An ominous question! One that parents and elders grieve to hear. But a question, it seems, that is more and more being asked, especially by the young people: “Why do we have to go to church twice? Once is good enough.”
Often the asking of this question is not the first indication that all is not well in the life of the young person who asks the question. There have been indications of problems before this. Likely this question has been preceded by another question: “Why do I have to keep going to catechism? I’ve had all that stuff before.”
It hardly needs to be pointed out that more and more’ the second worship service is being abandoned. Those churches which still have a second Sunday service are often plagued with the problem of “oncers.” This is true even in churches of Reformed persuasion. The preacher dutifully mounts the pulpit to lead a congregation in worship that is half the size of the congregation before whom he stood in the morning. Especially noticeably absent are the younger members of the church.
It must be admitted that the threat to the second worship service is a real threat in our own circles. We ourselves, and especially our young people, are influenced by this trend in the churches today. Perhaps it is the case even that our friends and acquaintances only go to church once. They ask: “Why do you have to go to church twice?” And we begin asking ourselves: “Yes, why DO I have to go to church twice? Where does the Bible say, ‘Thou shalt go to church twice on Sunday?'”
Why go to church twice? This question can, of course, be asked in a good way. Then the intent of the question is to understand the reasons that lie behind this practice which we have. It’s always good to know why we do what we do, to be able to give reasons for our behavior. There ought to be good reasons for doing what we do, besides mere habit and tradition.
But this question can also be asked in a bad way. It can be asked in such a way that we are not genuinely interested in the reasons for going to church twice, but are expressing that we see no need for attending both worship services of the church. Then the question really expresses that we’ve made up our minds that this is unnecessary for us ourselves, and we are serving notice that from now on we do not intend to be present at the second worship service.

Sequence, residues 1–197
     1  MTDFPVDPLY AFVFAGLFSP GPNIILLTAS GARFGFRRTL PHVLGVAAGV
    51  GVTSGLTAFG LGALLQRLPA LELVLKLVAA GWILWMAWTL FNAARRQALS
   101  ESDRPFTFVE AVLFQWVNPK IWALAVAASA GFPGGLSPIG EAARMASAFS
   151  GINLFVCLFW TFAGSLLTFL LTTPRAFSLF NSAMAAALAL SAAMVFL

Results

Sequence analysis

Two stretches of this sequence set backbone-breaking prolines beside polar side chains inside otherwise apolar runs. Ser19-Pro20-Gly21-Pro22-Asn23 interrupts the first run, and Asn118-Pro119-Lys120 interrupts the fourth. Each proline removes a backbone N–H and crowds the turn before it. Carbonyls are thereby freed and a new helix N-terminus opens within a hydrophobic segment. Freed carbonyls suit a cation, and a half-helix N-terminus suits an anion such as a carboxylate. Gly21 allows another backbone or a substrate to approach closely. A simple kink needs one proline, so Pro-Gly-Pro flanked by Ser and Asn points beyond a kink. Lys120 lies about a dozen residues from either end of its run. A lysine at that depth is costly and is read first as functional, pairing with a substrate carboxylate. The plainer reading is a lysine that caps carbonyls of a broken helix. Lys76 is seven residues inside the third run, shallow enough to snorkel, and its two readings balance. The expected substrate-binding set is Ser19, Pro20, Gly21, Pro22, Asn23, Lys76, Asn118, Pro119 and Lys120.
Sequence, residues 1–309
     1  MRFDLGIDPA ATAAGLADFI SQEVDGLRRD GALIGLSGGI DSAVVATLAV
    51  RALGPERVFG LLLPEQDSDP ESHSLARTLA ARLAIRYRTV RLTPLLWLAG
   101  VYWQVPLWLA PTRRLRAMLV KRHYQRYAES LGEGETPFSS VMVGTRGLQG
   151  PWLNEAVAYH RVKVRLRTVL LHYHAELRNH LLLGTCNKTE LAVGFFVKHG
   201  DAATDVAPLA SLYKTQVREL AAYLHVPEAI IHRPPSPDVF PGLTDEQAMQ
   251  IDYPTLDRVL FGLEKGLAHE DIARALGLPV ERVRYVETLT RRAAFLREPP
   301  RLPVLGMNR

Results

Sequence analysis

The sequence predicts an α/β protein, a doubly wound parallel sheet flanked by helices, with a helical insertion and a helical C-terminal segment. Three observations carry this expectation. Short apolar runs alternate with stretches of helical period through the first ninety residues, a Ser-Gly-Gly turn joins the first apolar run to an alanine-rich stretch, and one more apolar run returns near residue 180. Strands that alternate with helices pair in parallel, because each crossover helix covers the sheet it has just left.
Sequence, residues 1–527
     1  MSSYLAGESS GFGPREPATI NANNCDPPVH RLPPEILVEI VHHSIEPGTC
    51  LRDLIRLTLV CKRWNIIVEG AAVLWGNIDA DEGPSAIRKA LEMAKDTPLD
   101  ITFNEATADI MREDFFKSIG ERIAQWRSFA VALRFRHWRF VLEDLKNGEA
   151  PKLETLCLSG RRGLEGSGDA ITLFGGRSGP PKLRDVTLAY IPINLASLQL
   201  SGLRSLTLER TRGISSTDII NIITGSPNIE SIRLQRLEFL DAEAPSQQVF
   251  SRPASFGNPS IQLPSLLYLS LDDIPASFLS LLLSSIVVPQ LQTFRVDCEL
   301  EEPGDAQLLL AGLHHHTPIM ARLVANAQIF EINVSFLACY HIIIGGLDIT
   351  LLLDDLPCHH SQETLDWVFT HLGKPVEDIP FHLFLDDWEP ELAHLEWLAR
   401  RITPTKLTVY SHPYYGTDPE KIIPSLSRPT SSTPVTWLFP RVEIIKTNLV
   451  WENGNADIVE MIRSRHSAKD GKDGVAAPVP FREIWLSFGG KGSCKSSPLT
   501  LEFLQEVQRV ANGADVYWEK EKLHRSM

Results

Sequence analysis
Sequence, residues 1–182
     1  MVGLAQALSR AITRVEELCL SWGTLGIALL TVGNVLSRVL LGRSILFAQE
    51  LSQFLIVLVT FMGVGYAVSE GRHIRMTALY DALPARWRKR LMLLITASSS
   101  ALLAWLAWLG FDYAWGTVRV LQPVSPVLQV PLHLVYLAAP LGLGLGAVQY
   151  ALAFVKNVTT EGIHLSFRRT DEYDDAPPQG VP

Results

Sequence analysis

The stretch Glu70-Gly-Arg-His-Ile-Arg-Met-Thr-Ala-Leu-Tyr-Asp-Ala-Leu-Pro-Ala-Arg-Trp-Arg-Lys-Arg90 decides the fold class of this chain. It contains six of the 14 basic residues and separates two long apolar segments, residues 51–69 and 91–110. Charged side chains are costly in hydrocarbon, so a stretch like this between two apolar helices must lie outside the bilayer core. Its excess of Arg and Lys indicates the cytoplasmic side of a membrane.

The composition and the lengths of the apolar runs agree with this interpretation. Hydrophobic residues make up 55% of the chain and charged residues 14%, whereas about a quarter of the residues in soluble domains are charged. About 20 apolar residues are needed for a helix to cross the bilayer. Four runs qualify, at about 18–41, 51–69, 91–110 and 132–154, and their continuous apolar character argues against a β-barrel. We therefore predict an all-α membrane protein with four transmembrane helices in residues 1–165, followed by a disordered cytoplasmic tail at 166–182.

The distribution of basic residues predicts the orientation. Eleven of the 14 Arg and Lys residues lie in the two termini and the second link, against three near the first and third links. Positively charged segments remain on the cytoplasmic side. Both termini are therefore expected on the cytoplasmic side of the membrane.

I believe that there are good reasons why we ought to go to church twice, reasons which warrant this long-standing practice among us. Even though there is no specific commandment to this effect in the Bible, the teaching of Scripture throughout certainly stands behind this practice.
One obvious reason why we ought to go to church twice on Sunday is that this is what the church itself, through the office of elder, requires of us. We are not on our own in the church, every man doing as he pleases. But there is authority in the church, the authority of the office of elder. And we are called to be in submission to that authority. With regard to the rule of the elders, as is the case wherever we confront authority, we are called to obey unless the obedience that is required of us is plainly contrary to the Word of God. Even if we might not personally agree with or like what is demanded of us, we must submit. This is simply a fundamental principle of the fifth commandment of the law of God. We read in Hebrews 13:17, in connection with the office of elder: “Obey them that have the rule over you, and submit yourselves: for they watch for your souls, as they that must give account, that they may do it with joy, and not with grief: for that is unprofitable for you.”
Now, obviously, the requirement that we be in church twice on Sunday is not in itself an unbiblical requirement. The elders do not call us to behavior that is expressly contrary to the Word of God. Recognizing their authority over us, therefore, we willingly obey. At the same time, we understand that by our obedience we are really obeying Christ Himself Who is pleased to rule us through the office of elder.
But why do the elders require of us attendance at two worship services on Sunday? What reasons lie behind their insisting on the continuance of this practice in the church? Why does the church itself insist on this?
The church that insists on two worship services a Sunday understands a couple of things. First, she is sensitive to the requirement of the fourth commandment that the WHOLE Lord’s Day be devoted to God and the things of His kingdom. Let’s be honest—what lies behind the movement to get away from two worship services? The desire to use the Sabbath Day for other things than the worship of God, either publicly or privately. It’s the mentality of putting my time in at church and then I can be off to the beach, or golf course, or whatever else appeals to me. Young people who are convinced that still today God requires the whole day (it’s the Lord’s Day, don’t forget) are not likely to be asking the question: “Why must I go to church again?”